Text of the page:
make-and-break love


from The Century Dictionary.

  • noun A device for alternately closing and opening an electric circuit; an interrupter.


Sorry, no etymologies found.


  • The never-ending make-and-break of synapses contributed a crackling hail of complex rhythms.

    Wild Dreams of Reality, 5

  • This make-and-break activity - together with managing our media to provide our favorite sit-coms round the clock and protect us from knowing what our brave lads are having to do for them to a bunch of simply beastly foreigners, and manipulating our governments and promoting wars as we see in our various 'civilized' countries right now - is their trade!

    Financial Crisis: What crisis?

  • But indeed, when you talk to his staffers, they will tell you that this is obviously a make-and-break state for him.

    CNN Transcript Jan 12, 2008

  • Poised to put in an additional 20,000 troops into Iraq, three times the total number the British have in place, he is ready for a make-and-break "surge" that he hopes will bring peace to Iraq.

    Archive 2007-01-01

  • In addition the transmitter had make-and-break points such as an ordinary telephone bell has, and when these came in contact with the current, the springs inside continually gave out a sort of wail keyed to correspond with the pitch of the spring.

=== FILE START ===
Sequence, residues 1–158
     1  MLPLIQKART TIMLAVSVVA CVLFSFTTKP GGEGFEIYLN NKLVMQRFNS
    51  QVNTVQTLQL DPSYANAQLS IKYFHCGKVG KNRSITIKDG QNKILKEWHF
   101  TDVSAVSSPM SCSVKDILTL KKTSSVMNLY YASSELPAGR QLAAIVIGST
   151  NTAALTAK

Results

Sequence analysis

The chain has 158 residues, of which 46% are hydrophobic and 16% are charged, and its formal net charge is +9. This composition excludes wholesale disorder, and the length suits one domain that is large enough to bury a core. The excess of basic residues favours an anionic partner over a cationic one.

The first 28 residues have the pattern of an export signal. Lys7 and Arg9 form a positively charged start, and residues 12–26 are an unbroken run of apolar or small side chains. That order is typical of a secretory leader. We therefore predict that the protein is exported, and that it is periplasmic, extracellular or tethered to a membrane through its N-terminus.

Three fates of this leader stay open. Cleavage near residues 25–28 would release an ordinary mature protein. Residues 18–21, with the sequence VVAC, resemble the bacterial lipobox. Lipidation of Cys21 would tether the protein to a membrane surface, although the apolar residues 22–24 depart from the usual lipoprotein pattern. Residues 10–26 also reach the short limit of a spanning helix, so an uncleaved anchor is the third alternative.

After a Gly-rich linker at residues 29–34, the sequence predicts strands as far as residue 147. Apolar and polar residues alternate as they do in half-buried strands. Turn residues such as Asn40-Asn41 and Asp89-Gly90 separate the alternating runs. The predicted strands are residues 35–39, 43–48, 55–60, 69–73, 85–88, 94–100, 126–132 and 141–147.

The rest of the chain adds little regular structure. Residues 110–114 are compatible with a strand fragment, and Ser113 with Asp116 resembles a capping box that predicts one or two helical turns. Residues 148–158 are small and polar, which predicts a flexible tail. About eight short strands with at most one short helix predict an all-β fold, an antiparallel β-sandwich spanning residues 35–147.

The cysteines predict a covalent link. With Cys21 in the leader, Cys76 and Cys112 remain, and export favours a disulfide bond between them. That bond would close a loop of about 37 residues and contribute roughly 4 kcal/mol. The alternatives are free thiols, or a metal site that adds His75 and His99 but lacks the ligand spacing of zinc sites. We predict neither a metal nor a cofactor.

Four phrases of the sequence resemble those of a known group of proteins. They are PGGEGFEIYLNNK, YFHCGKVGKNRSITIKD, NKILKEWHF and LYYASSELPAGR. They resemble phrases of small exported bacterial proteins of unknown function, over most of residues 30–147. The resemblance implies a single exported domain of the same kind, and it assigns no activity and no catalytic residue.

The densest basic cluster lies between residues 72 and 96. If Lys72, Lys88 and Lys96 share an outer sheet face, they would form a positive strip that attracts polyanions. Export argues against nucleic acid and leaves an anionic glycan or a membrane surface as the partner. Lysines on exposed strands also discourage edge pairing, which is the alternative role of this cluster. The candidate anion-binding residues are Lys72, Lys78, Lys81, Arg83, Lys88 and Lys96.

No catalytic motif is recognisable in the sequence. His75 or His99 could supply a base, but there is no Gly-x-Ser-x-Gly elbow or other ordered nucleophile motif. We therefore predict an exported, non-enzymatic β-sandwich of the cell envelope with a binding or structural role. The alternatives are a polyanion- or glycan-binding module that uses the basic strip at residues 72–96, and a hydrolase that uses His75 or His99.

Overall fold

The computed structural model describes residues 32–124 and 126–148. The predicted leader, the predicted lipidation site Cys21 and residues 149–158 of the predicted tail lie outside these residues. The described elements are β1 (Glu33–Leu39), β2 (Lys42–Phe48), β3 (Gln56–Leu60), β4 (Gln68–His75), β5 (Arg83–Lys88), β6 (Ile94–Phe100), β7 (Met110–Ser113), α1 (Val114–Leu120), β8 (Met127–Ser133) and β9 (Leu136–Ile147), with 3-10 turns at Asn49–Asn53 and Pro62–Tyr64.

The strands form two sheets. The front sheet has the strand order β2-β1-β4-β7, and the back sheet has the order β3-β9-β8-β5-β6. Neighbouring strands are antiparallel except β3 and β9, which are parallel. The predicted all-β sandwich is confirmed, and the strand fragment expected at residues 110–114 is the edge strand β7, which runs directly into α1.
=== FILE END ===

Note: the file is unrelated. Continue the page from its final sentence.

Ted and the Telephone

  • I was going to file a nick in the make-and-break business but they're too foxy to give me a file.

    Tom Slade on a Transport

  • If Reis had been willing to experiment with his apparatus so that it did not make-and-break, he would probably have been the true father of the telephone, besides giving it the name by which it is known.

    Edison, His Life and Inventions, vol. 1

  • Bell's patent of 1876 was of an all-embracing character, which only the make-and-break principle, if practical, could have escaped.

    Edison, His Life and Inventions, vol. 1

  • Incidentally it may be noted that Edison in experimenting with the Reis transmitter recognized at once the defect caused by the make-and-break action, and sought to keep the gap closed by the use, first, of one drop of water, and later of several drops.

    Edison, His Life and Inventions, vol. 1

  • His machine was operated by a ` ` make-and-break '' current, and so could not carry the infinitely delicate vibrations made by the human voice.

    The History of the Telephone


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